Take this with cranberry juice to lower your blood pressure

March 31, 2012
Volume 3    |   Issue 23

On Monday, I showed you an easy way to soften your arteries and help avoid heart disease and heart attacks. All you have to do is drink cranberry juice. Today, I’d like to show you another way to avoid heart disease by lowering your blood pressure.

High blood pressure is a sign that your heart is working harder to pump blood through your circulatory system. This could be because of a blockage, stiffer arteries, or the result of taking a stimulant, such as caffeine. If your blood pressure is high due to stiffer arteries, the cranberry juice can help. But a new study says you should also take a very common supplement.

In this new study, researchers wanted to know if magnesium can lower blood pressure. Other recent studies haven’t been able to come up with a conclusive answer. Some reported highly significant results, where the magnesium brought the blood pressure down to very low levels. Others found only minimal decreases in pressure. So these researchers looked at the data of 22 different studies on 1,173 participants to find out if magnesium works.

In these studies, researchers gave between 120 to 973 mgs daily for up to 24 weeks. They found that magnesium does indeed lower blood pressure, but it’s often only a small, but significant amount. The authors noted that the greater the dose, the bigger the drop in pressure. And it usually took at least 370 mgs to see a drop.

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This makes complete sense. Most integrative physicians will tell you to take at least 500 mgs daily, but you can take up to 1,000 mgs (or bowel tolerance).

Why do some studies suggest that magnesium doesn’t work? I suspect there are a couple of explanations. First, the dose may be too small in those studies. Second, it all depends on the cause of your high blood pressure. Magnesium isn’t likely to have any effect (or very little) when a blockage is causing your pressure to go up.

However, if your arteries are stiff, then magnesium is the perfect solution. Magnesium has a relaxing effect on arterial walls and muscles. So it can help your circulatory system relax and become more flexible.

A few weeks ago, I told you this effect can help save your heart (and your life) during a heart attack. Keeping your heart muscle and your vascular system relaxed can lower your blood pressure and help you avoid heart attacks and stroke. It can even help you avoid blood clots, which are more likely to develop in stiff arteries.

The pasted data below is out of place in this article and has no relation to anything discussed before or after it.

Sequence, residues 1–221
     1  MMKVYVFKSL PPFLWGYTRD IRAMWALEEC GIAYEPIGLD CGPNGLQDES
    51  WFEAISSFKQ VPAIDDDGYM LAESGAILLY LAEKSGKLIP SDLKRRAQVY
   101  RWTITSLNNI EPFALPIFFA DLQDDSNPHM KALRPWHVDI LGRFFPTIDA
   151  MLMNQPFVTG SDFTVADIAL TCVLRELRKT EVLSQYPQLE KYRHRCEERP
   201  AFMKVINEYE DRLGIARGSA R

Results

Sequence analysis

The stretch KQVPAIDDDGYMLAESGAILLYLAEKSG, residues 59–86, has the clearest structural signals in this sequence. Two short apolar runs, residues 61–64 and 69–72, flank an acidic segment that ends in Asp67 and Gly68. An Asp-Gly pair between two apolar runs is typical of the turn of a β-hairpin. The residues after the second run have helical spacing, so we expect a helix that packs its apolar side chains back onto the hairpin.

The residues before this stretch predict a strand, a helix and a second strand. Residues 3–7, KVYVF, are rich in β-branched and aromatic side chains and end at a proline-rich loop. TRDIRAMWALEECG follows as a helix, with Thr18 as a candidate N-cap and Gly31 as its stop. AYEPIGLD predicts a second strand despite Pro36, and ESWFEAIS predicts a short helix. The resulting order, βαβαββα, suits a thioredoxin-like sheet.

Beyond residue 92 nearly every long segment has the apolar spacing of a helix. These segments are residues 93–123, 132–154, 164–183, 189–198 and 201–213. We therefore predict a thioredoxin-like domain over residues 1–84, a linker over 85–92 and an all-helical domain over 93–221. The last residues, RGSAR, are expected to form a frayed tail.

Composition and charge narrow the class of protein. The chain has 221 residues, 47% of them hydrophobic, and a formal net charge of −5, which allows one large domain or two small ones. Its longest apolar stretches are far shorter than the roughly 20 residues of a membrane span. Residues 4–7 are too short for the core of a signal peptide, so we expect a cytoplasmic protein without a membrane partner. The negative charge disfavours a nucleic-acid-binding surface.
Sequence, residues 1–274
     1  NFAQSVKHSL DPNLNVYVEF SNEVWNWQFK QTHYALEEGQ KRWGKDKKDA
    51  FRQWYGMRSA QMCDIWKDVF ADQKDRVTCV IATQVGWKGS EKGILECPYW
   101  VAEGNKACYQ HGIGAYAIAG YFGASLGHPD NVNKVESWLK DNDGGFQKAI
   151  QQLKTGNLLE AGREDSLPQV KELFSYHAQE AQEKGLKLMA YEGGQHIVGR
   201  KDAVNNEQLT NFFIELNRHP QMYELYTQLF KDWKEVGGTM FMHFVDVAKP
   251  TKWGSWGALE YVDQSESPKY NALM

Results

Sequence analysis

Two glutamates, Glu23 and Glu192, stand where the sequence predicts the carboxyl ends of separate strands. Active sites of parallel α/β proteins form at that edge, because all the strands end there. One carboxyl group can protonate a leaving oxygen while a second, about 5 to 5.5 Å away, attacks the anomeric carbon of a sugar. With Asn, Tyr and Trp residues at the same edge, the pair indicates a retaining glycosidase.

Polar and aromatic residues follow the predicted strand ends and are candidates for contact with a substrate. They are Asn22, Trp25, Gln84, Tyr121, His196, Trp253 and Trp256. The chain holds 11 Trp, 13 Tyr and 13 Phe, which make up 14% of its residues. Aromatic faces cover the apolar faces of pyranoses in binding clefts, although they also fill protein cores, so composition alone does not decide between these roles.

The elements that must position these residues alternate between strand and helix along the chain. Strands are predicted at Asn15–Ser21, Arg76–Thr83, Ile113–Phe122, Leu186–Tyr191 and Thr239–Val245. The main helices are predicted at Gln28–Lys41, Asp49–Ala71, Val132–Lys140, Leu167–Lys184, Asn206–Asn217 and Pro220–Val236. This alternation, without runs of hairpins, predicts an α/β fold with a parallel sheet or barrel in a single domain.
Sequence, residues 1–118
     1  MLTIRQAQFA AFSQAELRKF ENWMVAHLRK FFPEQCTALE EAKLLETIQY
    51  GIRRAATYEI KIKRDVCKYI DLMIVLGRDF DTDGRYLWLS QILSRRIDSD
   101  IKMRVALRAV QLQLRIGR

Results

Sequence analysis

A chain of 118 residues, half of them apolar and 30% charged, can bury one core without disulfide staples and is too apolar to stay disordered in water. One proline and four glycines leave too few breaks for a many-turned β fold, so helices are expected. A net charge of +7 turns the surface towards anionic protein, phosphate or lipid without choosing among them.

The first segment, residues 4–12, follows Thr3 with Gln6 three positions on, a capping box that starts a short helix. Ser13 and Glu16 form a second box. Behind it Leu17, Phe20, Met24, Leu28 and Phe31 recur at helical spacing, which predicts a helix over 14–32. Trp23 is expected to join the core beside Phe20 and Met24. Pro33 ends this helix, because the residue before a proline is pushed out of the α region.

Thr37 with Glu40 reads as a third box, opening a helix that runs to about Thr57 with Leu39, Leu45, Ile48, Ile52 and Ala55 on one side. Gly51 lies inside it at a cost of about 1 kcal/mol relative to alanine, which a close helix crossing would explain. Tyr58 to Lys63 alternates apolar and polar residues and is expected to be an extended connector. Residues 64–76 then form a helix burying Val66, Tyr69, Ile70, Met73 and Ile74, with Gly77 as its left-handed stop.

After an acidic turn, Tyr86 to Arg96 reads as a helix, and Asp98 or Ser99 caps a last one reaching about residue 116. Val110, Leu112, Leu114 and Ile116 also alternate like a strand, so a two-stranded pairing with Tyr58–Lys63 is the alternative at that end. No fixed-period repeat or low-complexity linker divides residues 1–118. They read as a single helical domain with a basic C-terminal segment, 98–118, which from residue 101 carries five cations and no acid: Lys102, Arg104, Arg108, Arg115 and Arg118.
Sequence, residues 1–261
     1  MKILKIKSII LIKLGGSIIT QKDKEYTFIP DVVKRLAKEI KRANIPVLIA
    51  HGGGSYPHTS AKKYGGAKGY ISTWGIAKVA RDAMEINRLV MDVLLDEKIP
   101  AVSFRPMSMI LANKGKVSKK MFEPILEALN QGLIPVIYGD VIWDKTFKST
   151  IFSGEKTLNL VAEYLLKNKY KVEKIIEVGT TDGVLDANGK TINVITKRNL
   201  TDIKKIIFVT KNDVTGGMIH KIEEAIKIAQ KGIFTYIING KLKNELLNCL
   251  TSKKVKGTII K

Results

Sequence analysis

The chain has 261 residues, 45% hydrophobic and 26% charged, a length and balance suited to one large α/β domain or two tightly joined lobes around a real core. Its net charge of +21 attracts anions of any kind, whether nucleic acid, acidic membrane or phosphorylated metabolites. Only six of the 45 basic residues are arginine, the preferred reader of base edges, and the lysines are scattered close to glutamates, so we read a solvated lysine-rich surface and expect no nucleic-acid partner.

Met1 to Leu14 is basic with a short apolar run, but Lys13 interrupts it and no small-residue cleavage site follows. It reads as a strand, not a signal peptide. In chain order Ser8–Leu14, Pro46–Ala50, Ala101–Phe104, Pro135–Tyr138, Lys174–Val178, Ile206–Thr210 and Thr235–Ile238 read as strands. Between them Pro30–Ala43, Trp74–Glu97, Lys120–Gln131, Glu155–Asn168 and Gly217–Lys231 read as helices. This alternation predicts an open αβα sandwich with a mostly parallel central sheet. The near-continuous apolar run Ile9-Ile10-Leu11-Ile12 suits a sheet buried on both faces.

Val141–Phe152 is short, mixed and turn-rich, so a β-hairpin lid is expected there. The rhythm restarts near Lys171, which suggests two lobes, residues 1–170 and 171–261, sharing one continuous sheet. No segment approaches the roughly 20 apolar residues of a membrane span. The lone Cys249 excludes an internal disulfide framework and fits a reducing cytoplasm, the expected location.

Make sure you’re taking 500-1,000 mg of magnesium every day (the more the better). The best form is magnesium glycinate, which you can find in most health food stores and online.

Your insider for better health,

Steve Kroening

Steve Kroening is the editor of Nutrient Insider, a twice-a-week email newsletter that brings you the latest healing breakthroughs from the world of nutrition and dietary supplements. For over 20 years, Steve has worked hand-in-hand with some of the nation's top doctors, including Drs. Robert Rowen, Frank Shallenberger, Nan Fuchs, William Campbell Douglass, and best-selling author James Balch. Steve is the author of the book Practical Guide to Home Remedies. As a health journalist, Steve's articles have appeared in countless magazines, blogs, and websites.

Source:

Kass L, Weekes J, Carpenter L. Effect of magnesium supplementation on blood pressure: a meta-analysis. Eur J Clin Nutr. 2012 Feb 8. doi: 10.1038/ejcn.2012.4.

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For over 25 years, Editor-In-Chief Steve Kroening has worked hand-in-hand with some of the nation's top doctors, including Drs. Frank Shallenberger, Janet Zand, Nan Kathryn Fuchs, William Campbell Douglass, and best-selling author James Balch. Steve is the author of the book Practical Guide to Home Remedies. As a health journalist, Steve's articles have appeared in countless magazines, blogs, and websites.

Steve researches breakthrough cures and treatments you won't hear about from mainstream medicine or even other "alternative" writers. He writes in a friendly, easy-to-read style that always gives you the power to guide your own health choices and do more research on your own.